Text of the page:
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15-Year Fixed Gains in Popularity


With mortgage rates at or near record lows, homeowners are ditching adjustable-rate mortgages in favor of fixed loans, including shorter-term products like the 15-year fixed.

The traditionally less-popular loan type accounted for nearly 20 percent of refinance applications in October, according to data from the Mortgage Bankers Association, compiled by the WSJ.

That’s more than double the 9.1 percent share seen a year earlier and nearly triple the 7.5 percent share in October 2007.

The 15-year loans now account for about 20 percent of refinances at Chase, up from 10 percent a year ago.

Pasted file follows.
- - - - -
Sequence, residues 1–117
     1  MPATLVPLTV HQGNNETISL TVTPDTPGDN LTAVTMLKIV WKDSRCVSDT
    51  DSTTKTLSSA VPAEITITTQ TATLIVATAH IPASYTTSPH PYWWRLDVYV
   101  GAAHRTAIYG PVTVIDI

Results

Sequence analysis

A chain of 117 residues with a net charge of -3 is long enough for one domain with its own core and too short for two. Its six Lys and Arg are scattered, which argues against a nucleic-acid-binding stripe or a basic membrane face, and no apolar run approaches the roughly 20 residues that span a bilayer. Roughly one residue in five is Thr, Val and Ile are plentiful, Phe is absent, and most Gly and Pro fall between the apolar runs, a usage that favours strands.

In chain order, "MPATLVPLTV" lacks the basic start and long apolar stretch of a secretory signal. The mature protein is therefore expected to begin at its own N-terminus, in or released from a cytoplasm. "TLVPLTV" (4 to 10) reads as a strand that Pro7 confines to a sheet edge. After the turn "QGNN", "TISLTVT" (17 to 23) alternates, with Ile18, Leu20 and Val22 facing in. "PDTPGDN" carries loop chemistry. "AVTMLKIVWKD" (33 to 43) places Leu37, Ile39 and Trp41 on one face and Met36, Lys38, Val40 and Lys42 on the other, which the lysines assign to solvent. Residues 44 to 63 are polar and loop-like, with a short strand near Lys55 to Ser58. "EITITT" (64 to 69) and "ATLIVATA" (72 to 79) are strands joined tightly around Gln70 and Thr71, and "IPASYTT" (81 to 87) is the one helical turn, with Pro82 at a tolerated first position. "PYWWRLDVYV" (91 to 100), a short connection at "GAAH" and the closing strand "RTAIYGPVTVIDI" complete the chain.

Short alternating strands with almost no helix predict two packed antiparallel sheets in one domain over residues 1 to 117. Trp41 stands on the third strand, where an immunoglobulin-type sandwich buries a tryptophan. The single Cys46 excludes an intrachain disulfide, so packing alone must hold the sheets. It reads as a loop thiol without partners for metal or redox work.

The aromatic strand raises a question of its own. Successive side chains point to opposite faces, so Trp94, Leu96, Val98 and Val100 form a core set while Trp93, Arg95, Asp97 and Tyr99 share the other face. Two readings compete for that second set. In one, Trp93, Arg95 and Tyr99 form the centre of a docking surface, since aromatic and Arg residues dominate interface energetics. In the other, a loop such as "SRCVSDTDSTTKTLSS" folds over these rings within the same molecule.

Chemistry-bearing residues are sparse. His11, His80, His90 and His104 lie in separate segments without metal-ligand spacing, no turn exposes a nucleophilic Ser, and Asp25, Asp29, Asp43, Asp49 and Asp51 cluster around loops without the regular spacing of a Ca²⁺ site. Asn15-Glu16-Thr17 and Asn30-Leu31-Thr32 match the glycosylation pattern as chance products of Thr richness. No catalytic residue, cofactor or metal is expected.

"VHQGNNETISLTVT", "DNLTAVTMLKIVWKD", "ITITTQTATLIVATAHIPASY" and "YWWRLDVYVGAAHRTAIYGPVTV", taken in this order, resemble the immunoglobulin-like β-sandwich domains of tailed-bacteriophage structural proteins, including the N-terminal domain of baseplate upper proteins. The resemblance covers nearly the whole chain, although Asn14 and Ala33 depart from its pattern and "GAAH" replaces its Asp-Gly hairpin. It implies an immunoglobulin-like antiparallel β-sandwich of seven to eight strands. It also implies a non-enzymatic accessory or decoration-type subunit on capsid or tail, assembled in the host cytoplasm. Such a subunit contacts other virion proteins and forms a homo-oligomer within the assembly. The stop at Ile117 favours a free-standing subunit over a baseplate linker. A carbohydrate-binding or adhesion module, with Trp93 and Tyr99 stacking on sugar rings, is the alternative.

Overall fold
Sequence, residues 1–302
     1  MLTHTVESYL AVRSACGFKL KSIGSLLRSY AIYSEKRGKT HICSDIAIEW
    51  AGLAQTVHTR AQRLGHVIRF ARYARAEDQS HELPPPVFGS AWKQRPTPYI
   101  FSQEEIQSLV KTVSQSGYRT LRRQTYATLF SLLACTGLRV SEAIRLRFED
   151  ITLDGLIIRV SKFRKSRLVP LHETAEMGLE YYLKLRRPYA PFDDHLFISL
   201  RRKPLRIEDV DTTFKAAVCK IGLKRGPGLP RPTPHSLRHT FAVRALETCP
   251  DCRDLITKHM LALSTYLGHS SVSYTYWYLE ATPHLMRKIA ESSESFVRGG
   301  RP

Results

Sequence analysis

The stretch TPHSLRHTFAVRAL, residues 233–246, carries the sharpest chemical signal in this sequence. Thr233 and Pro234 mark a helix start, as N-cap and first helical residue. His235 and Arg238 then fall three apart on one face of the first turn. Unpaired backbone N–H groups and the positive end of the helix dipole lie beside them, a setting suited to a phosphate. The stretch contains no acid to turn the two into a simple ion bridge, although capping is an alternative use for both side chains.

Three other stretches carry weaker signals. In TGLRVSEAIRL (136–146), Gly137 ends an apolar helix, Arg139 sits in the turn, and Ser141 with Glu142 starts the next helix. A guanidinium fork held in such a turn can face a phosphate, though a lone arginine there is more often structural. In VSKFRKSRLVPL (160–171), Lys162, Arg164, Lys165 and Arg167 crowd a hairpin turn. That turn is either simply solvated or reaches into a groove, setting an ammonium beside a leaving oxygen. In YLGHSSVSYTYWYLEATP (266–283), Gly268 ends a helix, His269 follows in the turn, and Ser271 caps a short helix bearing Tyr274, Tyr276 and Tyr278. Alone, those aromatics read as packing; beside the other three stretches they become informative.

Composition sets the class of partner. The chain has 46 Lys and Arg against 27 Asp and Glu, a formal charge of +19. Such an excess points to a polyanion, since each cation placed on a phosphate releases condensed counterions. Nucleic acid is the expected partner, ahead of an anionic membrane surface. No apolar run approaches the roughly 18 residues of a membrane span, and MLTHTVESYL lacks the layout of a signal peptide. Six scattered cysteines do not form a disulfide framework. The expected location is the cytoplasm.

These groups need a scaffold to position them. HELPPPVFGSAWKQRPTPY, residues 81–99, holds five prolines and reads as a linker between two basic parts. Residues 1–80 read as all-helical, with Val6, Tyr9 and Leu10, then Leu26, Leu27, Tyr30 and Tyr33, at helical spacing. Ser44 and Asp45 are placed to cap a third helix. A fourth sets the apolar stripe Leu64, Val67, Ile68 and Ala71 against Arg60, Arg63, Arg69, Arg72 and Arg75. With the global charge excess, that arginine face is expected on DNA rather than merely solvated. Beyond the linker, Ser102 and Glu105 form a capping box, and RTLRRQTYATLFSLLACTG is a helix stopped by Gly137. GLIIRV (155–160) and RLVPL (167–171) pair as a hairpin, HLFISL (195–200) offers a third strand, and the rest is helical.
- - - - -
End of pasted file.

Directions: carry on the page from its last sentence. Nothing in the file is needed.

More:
At Wells Fargo, loan originations of 15-year fixed mortgages are up 55 percent through November compared to a year earlier.

Last week, the 15-year fixed averaged 4.32 percent, about a half-percentage point below the always fashionable 30-year fixed.

For those who can afford the larger payments, it’s a pretty good deal, as many currently refinancing are taking advantage of interest rates a point or more below their old mortgage rate.

The lower rate will partially offset the higher monthly mortgage payment associated with a 15-year fixed, and homeowners will pay down principal a whole lot quicker.

Of course, the 15-year only makes sense if you’re really interested in paying off the mortgage; for borrowers in negative equity positions, it’s probably not the most logical choice.

Others may opt to stick with the traditional 30-year fixed and attempt to earn a better return in the stock market, or bank on home price appreciation to gain home equity.

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